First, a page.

There is a very good probability, perhaps 60 percent, that the Federal Reserve (Fed) will move at its April 28-29 or its June 16-17 2015 Federal Open Market Committee (FOMC) meeting to abandon its zero-rate policy. There is a very small chance (5 percent or less) that the decision to raise short-term rates could come earlier, and a 35 percent probability of the decision being postponed into the second half of 2015 or even later. Interestingly, the defining issue is the sustained low pattern of core inflation and not the state of United States labor markets. Moreover, international and energy market concerns both play to sentiment inside the FOMC to delay the decision, since they suggest further deflationary pressure.
Hourly wage growth to pick up incrementally in 2015
As the unemployment rate has steadily ticked downward over the last five years of economic expansion, a key lingering concern has been the slow rate of hourly wage growth. In the last part of the tech-boom of the 1990s, hourly wage growth peaked at around 4 percent annually, and it reached this 4 percent level again in 2006-2007 at the end of the housing boom. Following the 2008-2009 recession, hourly wage growth slid below 2 percent annually. Hourly wage growth remains very sluggish. We think hourly wage growth will move toward 3 percent annually by mid-2016. However, this pace will be disappointing to many FOMC members, and they will advise to delay any short-term rate rise decision.
Hourly wage growth is not a useful indicator of future inflation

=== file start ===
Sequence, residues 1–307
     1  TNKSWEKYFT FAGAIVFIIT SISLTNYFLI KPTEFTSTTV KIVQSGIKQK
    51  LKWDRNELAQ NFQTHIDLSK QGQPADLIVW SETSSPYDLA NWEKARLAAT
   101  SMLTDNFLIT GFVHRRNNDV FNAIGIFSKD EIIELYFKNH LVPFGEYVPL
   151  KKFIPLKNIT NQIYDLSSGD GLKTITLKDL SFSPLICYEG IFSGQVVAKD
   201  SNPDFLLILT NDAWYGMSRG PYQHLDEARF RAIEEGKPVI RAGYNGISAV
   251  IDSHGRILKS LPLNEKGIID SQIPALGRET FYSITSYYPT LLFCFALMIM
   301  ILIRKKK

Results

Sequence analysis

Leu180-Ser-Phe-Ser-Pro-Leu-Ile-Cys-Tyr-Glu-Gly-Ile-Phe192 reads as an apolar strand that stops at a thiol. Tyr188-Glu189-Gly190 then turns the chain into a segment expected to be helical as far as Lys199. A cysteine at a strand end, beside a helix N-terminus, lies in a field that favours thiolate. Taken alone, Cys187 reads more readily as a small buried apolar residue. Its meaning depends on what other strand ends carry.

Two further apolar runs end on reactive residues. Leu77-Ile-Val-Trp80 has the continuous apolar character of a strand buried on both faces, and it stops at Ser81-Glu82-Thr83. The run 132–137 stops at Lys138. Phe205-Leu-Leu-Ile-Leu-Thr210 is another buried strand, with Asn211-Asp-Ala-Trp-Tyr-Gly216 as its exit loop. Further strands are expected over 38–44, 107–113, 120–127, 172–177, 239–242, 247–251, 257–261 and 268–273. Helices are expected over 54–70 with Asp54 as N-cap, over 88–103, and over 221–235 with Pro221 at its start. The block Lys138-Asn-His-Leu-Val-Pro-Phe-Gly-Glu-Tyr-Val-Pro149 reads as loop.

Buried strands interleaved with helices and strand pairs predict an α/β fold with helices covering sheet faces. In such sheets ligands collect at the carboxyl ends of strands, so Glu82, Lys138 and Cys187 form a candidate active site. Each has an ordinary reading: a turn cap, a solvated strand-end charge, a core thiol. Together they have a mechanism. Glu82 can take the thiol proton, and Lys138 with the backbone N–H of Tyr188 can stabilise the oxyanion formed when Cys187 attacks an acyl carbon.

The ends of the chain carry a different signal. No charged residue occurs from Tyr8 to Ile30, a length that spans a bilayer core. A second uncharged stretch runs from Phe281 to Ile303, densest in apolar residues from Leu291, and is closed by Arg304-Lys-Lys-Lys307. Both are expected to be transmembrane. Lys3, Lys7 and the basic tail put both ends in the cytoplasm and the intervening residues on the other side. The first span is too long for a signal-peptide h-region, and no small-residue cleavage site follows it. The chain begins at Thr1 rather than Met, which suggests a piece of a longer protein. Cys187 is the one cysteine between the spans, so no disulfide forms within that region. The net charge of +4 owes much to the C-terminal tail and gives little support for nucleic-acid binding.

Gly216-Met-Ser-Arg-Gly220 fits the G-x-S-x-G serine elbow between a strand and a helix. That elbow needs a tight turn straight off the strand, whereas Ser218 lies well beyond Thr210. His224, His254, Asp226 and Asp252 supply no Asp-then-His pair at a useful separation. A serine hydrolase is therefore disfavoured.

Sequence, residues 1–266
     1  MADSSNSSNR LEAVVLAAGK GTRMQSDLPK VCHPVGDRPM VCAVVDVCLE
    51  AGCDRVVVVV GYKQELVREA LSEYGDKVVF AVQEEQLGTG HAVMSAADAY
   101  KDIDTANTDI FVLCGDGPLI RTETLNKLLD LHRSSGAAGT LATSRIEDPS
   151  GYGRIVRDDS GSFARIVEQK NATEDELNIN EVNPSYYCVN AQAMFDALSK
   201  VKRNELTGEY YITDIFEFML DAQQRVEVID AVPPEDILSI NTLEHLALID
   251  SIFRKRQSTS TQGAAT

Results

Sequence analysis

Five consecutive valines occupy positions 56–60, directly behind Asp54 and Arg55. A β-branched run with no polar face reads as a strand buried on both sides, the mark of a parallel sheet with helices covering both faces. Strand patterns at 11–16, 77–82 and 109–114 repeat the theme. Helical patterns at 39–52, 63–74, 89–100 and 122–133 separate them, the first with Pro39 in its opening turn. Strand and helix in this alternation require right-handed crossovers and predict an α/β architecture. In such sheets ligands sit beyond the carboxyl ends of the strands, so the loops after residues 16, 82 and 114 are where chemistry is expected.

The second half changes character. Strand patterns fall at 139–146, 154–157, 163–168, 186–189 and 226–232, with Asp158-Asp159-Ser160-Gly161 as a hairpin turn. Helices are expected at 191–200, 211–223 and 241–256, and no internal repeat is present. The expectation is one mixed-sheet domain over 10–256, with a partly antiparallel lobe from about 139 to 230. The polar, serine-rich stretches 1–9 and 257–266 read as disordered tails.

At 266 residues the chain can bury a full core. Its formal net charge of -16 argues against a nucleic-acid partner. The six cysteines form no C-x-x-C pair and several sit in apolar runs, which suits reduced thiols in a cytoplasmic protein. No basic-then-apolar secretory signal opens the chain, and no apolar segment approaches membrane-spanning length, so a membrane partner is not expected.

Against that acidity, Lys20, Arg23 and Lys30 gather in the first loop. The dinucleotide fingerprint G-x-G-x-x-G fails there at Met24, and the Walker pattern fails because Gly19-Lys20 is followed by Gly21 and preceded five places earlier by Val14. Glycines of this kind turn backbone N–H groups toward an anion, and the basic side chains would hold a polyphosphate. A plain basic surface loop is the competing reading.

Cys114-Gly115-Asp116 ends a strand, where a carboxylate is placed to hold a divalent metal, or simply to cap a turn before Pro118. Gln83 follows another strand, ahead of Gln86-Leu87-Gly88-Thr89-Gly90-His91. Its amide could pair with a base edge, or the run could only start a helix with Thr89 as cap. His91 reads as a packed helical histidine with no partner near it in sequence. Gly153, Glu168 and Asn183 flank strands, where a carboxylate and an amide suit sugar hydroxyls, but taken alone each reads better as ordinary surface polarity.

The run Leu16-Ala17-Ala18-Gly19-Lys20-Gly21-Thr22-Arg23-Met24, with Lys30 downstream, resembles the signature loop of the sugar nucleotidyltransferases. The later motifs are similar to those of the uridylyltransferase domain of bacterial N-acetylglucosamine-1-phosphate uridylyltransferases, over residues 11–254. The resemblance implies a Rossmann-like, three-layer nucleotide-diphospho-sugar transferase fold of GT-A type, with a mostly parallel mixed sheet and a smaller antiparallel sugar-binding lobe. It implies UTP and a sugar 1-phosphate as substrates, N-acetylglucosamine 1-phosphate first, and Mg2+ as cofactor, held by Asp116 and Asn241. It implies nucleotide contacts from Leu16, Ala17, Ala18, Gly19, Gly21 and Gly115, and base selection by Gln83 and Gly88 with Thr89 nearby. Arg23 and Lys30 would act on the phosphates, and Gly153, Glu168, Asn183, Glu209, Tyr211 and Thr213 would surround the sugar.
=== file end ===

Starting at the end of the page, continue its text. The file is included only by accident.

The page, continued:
Some FOMC members, including Fed Chair Janet Yellen, also look to a pick-up in hourly wage growth as a sign of possible future inflationary pressure at the consumer price level. There may have been some statistical evidence for this view in the late 1960s and 1970s, but over the last 20-plus years there has not been any correlation worth noting between core consumer prices and hourly wages. What we do see is that core inflation provides a kind of “soft” floor for hourly wage growth in the years after a recession when hourly wage growth typically declines. Eventually, the spread of wage growth over core inflation starts to widen late in an economic expansion. That pattern may be in play this time around, but hourly wage growth is being held back by the very strong competition from imported goods, among other factors.
International headwinds remain
On the global scene, oil prices have fallen off a cliff, the U.S. dollar has been relatively strong, the Chinese economy is still decelerating (albeit growing at 6-7 percent for 2015), and emerging market real GDP growth is mostly positive, yet quite modest and uneven. Against this backdrop, the U.S. economy has done quite well, yet many FOMC members will be reluctant to move rates higher so long as these global headwinds remain as strong as they are.
Removing emergency policy measures
The strongest argument for abandoning the zero-rate policy is simply that an economy that has reeled-off five years of modest economic growth no longer needs emergency policy measures, such as quantitative easing or short-term rates below the prevailing rate of inflation. The Fed has a long history with several episodes of remaining too loose, too long. Our base case view is that, absent some major global economic disruption, by June 2015 a majority of FOMC voting members will be willing to push short-term rates upward – more or less to the same level as the core inflation rate, and then they will call a halt to further rate rises and wait and see what happens to the U.S. economy, the dollar, inflation, and labor markets. Please note that the rate rise may come in bigger steps than mere 0.25 percent increments, and that the key enforcer of higher short-term rates will be an increase in the interest rate paid by the Fed on excess reserves, which is now 0.25 percent.
Read Blu Putnam’s full 2015 U.S. outlook here.